He told The Times he’ll be off for several weeks between late February and May as the country moves toward a midterm election in May, and again for two more weeks before a possible July date.
“So you’ll be back in May or July?” a reporter asked.
Pacquiao smiled affirmatively that he plans to be back. Exactly when, top adviser Joe Ramos says, is negotiable.
Veteran reporter Eddie G. Alinea of The Manila Times has covered most of Pacquiao’s fights since his 1995 debut, and said as the welterweight champion’s fight at MGM Grand in Las Vegas approaches, “I’ve never seen Manny happier than in this camp.
“Every night,” after Pacquiao concluded his training sessions at Wild Card Boxing Club in Hollywood, he’d retreat to his Hancock Park home and entertain as many as 100 guests, family and friends by playing his guitar and singing.
“I heard him do at least 30 songs,” Alinea said. “When Manny’s happy, he can do anything.”
Broner, meanwhile, said in his opening news conference statement Wednesday that he was upset it wasn’t open to the public and placed at the MGM Grand’s David Copperfield Theater.
“I’m pissed off, for real, coming to do this press conference in this last room … when I went to the [Floyd] Mayweather-Pacquiao fight they put them in this big... place,” Broner said. “They didn’t spend no money on our fight, like it’s not nothing. I see what they’re trying to say. They ain’t going to do this [stuff] anymore after I win.”
Truth be told, several of Mayweather’s news conferences were staged in the same setting, also away from the public.
Broner admitted he’s bothered by the talk of a Pacquiao rematch with Broner’s promoter, Mayweather.
“I just feel like [you’re] just trying to play me … I don’t like that,” Broner said. “Y’all keep saying he’s going to fight Floyd. To my recognition, Floyd is … retired, man. There’s some [stuff] going on and I feel you’re trying to throw me to the wolves.”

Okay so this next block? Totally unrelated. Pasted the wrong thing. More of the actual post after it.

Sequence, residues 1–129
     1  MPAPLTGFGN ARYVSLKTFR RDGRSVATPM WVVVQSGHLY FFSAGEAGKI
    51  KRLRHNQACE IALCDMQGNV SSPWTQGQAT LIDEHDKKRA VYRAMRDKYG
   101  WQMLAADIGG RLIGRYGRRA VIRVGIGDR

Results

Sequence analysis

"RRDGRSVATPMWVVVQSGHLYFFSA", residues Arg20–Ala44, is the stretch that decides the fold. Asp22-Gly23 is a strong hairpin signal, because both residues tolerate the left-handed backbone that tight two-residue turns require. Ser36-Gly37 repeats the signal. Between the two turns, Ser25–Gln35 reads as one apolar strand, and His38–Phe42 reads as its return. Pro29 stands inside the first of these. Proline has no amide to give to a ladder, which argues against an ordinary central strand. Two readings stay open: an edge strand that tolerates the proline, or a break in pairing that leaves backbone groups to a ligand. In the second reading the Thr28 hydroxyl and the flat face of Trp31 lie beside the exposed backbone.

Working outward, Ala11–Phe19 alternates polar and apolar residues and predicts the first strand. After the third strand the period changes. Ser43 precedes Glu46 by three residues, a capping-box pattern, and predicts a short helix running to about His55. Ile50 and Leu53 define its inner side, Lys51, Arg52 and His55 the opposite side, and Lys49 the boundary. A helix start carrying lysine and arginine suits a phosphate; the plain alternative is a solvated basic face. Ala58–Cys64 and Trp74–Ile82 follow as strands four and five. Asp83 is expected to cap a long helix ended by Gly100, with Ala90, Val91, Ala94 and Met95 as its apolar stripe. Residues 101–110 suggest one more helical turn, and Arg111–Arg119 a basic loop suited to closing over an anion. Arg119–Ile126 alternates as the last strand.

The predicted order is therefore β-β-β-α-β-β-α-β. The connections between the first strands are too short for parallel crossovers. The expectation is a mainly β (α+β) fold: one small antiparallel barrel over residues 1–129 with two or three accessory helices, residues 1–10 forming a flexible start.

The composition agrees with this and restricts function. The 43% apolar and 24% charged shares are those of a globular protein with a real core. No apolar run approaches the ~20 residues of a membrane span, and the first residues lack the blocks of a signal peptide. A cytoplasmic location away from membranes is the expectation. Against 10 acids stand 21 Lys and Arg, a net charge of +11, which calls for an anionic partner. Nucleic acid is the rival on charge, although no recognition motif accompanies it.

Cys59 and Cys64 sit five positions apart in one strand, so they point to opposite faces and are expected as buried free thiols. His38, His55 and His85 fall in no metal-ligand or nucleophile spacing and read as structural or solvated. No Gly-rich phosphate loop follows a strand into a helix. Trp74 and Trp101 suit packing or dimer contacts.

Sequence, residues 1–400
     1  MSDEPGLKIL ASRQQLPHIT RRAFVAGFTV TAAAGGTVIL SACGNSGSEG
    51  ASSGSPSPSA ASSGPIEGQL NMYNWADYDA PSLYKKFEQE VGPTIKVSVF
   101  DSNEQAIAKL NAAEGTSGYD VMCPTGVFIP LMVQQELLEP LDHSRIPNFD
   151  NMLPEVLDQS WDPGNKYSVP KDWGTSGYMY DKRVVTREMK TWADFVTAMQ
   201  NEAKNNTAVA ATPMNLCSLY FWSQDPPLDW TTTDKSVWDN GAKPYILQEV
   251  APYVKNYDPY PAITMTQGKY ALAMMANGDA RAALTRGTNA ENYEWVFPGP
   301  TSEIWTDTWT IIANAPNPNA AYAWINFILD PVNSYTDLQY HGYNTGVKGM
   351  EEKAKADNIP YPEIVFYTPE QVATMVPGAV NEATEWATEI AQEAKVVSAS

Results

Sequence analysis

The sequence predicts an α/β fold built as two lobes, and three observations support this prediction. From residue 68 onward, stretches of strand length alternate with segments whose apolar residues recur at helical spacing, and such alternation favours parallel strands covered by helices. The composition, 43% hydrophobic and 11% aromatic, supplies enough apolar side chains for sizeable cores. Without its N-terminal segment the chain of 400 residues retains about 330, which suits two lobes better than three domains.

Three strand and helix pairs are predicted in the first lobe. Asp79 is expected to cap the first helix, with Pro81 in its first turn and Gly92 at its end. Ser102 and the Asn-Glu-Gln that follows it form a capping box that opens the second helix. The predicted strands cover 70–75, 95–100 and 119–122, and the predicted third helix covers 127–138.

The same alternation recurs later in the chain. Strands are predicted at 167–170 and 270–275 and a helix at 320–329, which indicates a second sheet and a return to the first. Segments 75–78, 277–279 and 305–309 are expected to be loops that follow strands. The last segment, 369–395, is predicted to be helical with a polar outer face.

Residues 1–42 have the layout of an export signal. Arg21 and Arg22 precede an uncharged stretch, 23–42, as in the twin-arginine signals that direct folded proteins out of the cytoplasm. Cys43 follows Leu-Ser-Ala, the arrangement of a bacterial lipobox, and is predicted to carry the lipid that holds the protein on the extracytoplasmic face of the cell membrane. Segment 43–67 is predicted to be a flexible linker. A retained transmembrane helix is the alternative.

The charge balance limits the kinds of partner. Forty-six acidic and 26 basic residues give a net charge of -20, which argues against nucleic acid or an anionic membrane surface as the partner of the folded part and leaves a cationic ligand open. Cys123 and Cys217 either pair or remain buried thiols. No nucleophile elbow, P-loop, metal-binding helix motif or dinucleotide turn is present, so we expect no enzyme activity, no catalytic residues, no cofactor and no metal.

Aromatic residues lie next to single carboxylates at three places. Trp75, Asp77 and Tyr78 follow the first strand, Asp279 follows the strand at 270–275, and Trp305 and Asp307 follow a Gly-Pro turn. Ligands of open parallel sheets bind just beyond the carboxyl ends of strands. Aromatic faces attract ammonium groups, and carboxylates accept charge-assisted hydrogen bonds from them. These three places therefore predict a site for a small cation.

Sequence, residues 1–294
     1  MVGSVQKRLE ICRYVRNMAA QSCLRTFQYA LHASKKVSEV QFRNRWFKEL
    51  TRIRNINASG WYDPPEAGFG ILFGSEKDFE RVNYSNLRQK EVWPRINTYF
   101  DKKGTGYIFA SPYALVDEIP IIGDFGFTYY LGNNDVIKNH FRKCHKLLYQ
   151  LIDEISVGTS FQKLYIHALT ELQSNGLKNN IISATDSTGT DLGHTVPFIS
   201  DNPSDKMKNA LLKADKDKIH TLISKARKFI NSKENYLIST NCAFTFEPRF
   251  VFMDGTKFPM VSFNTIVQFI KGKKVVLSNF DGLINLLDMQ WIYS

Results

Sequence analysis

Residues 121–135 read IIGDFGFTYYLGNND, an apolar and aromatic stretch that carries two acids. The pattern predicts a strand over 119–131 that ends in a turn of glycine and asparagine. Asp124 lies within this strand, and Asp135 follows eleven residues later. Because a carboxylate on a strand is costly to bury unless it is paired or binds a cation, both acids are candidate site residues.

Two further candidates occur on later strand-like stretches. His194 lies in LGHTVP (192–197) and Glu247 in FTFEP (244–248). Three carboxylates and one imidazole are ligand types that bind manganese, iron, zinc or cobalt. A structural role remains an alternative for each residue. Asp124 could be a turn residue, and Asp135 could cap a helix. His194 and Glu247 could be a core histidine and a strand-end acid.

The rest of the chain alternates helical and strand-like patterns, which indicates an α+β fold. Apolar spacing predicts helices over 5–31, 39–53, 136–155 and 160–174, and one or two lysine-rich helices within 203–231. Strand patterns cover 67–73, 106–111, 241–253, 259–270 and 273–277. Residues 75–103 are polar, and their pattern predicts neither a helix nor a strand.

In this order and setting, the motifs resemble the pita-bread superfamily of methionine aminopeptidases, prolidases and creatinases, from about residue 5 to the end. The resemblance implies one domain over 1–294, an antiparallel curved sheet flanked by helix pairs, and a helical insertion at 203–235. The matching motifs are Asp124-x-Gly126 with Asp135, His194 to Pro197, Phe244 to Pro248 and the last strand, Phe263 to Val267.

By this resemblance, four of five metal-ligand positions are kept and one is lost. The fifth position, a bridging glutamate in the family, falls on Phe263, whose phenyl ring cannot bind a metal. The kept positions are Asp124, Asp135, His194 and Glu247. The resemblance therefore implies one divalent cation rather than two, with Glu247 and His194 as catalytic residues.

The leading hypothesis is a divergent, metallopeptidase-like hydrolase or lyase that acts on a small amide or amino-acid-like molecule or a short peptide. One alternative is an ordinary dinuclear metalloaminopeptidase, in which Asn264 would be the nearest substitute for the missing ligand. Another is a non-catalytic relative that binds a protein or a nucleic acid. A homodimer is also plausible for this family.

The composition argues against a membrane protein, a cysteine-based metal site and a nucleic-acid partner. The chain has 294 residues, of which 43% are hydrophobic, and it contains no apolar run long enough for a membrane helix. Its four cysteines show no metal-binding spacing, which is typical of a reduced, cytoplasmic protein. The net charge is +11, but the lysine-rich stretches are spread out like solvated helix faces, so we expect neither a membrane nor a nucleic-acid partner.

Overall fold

Unbeaten Jhack Tepora of the Philippines has been called the best prospect in Pacquiao’s growing MP Promotions stable, and he’ll open the pay-per-view in a featherweight bout against former two-division champion Hugo Ruiz (37-4, 31 KOs) of Mexico.
“I believe Jhack’s the best prospect we have,” his manager Sean Gibbons said. “Saturday night, we will find out if what I believe is true against a very tough Mexican who’s in an all-or-nothing fight. Jhack’s going to have to come out and be explosive.”
Ruiz said at Thursday’s undercard news conference that he’s “very emotional” about the pivotal bout.
The 25-year-old Tepora (22-0, 17 KOs) came from the bitter poverty of the Phillipines like Pacquiao and said he was encouraged to enter the boxing gym by first watching Pacquiao fight.
“I’m happy that Manny considers me [talented],” Tepora said of his U.S. debut. “I want an impressive win. I have power, I can box. And just like Sir Manny, I want to help my family.”
Riding a six-fight streak of knockouts, Tepora candidly admitted “I’m not sure” how impressive he’ll be.
“He can punch and people love to come see a puncher,” said Gibbons, who also handles Pacquiao’s super-flyweight world champion Jerwin Ancajas. “He’s like Jerwin. They look for opportunities to lay good, sharp punches. He looks to pinpoint.
“Manny’s Manny. He’s the only one to throw 1,000 punches.”
Until next time